A €300,000 question - Politicians’ pay cannot be defended

Deputy Martin Mansergh’s Dáil question asking how many people are earning more than €300,000 may have been primarily a public relations stunt to justify the recent increases in ministerial salaries, but it was gratuitously insulting to the Irish people.

It was a patent waste of the time of those civil servants who were engaged to find the answer to the question.

The civil servants had to make a forecast on the basis of figures for 2004, because more up-to-date figures are not yet available.

They concluded that 9,680 people in this country probably earn more than €300,000 a year.

The main public uneasiness expressed over the Taoiseach’s recent salary increase was not in relation to the highest earners in the country, but in contrast with the leaders of much bigger and much more populous countries. It is necessary to compare like with like.

Bertie Ahern is paid more than US President George W Bush, French President Nicholas Sarkozy, German Chancellor Angela Merkel, or such prime ministers as John Howard of Australia, Gordon Brown of Britain, or Stephen Harper of Canada.

It is preposterous that the Taoiseach should be paid more than the American president when he does not have near the responsibilities that Mr Bush has. Comparing the offices and responsibilities of the Taoiseach and President Bush is like comparing beet with bananas.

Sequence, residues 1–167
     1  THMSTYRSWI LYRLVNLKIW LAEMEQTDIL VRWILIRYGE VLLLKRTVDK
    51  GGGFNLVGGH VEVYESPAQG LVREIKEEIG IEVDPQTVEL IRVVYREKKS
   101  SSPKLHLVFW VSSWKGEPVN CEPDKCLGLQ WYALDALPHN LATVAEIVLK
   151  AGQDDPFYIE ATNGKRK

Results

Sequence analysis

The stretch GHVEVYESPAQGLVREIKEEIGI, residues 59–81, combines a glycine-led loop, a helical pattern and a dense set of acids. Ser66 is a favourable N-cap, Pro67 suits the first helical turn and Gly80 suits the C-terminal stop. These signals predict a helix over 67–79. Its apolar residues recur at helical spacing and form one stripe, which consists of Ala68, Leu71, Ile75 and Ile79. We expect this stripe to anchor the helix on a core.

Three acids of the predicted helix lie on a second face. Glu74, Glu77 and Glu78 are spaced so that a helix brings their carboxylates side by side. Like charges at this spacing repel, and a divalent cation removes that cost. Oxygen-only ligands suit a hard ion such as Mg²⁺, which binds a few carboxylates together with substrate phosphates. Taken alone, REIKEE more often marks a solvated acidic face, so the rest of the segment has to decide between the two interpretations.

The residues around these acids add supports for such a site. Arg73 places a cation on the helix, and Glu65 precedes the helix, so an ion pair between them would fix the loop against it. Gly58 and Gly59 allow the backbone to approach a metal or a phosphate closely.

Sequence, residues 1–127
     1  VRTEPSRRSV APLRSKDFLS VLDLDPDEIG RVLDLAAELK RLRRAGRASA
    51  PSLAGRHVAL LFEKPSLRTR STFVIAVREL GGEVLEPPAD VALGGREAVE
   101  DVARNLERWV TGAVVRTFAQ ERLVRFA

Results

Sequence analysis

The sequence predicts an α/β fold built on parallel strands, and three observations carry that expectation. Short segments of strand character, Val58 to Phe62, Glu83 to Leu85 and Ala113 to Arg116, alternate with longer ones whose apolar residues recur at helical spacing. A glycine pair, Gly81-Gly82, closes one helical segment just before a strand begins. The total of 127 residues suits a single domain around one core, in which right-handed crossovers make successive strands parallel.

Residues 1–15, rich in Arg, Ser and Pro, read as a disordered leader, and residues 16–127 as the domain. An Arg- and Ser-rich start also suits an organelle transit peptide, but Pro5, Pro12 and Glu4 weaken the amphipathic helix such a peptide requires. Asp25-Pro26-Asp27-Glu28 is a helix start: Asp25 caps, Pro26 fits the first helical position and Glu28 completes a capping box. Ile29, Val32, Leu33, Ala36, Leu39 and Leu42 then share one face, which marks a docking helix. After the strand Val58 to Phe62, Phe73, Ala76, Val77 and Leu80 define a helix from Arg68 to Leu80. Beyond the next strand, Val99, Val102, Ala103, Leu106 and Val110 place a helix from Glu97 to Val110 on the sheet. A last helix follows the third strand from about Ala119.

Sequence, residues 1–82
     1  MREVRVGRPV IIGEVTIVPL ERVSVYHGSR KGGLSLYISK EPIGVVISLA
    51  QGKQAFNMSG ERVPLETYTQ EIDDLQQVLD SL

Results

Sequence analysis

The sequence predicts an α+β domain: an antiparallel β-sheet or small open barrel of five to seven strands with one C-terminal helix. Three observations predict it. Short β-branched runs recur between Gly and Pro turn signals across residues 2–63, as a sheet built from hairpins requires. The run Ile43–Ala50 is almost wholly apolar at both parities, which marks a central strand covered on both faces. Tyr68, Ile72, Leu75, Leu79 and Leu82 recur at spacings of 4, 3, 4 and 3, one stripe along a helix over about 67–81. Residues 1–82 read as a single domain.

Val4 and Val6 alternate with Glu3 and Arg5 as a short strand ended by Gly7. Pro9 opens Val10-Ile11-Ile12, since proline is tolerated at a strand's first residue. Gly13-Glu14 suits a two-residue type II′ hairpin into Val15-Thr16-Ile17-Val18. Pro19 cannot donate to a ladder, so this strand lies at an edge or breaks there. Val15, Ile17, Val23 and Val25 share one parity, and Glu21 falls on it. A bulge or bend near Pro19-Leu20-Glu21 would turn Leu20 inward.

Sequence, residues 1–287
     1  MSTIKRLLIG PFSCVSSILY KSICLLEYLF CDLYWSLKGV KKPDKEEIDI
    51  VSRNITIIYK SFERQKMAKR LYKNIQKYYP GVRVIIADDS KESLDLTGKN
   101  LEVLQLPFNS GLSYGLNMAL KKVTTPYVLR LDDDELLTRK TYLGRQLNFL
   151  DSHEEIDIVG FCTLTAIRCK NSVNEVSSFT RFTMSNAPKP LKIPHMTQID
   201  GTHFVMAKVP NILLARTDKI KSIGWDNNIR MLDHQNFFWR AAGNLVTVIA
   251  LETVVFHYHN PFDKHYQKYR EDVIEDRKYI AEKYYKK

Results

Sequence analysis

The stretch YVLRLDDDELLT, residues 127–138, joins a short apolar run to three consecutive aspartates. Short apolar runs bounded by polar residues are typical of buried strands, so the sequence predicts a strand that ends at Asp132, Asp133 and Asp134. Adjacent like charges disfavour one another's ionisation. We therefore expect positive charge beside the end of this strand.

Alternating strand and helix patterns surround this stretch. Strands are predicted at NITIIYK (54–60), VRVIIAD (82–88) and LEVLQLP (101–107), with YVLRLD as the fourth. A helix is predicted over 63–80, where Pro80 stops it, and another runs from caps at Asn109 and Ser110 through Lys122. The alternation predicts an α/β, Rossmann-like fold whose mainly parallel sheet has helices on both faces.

President Bush is head of state and head of government, as well as commander-in-chief of the armed forces. As such his office combines the functions of both President Mary McAleese and Mr Ahern’s. Yet each of them earns more than the American president, even though he is responsible for a country that is more than 108 times larger than this State and has more than 71 times our population.

Bill Gates is only one of many Americans who earns many times what President Bush is paid. Yet nobody would seriously suggest that this should be used as a justification for increasing the president’s salary.

Our politicians should be properly paid in a manner to attract suitable people for the job — individuals primarily motivated by a desire to serve the community rather than a craving to enrich themselves. We should recognise the distinction between appropriateness and extravagance.

When Eamon de Valera called on people to tighten their belts in 1932, he did so after providing proper leadership, by cutting his own salary by 40% and that of his ministers by a third. In the process they provided real leadership.

The current Government, however, is calling for restraint after increasing ministerial salaries well over the rate of inflation. The Taoiseach’s increase alone is more than the average industrial wage of those he represents.

Providing a salary increase above the rate of inflation was not included in any party’s election manifesto. None of the government parties even hinted at any such intention, but they did make other promises, which they have been reneging on in a naked fashion.

This is a sad reflection on our democracy, and pathetic efforts to defend the indefensible are an insult to the electorate.

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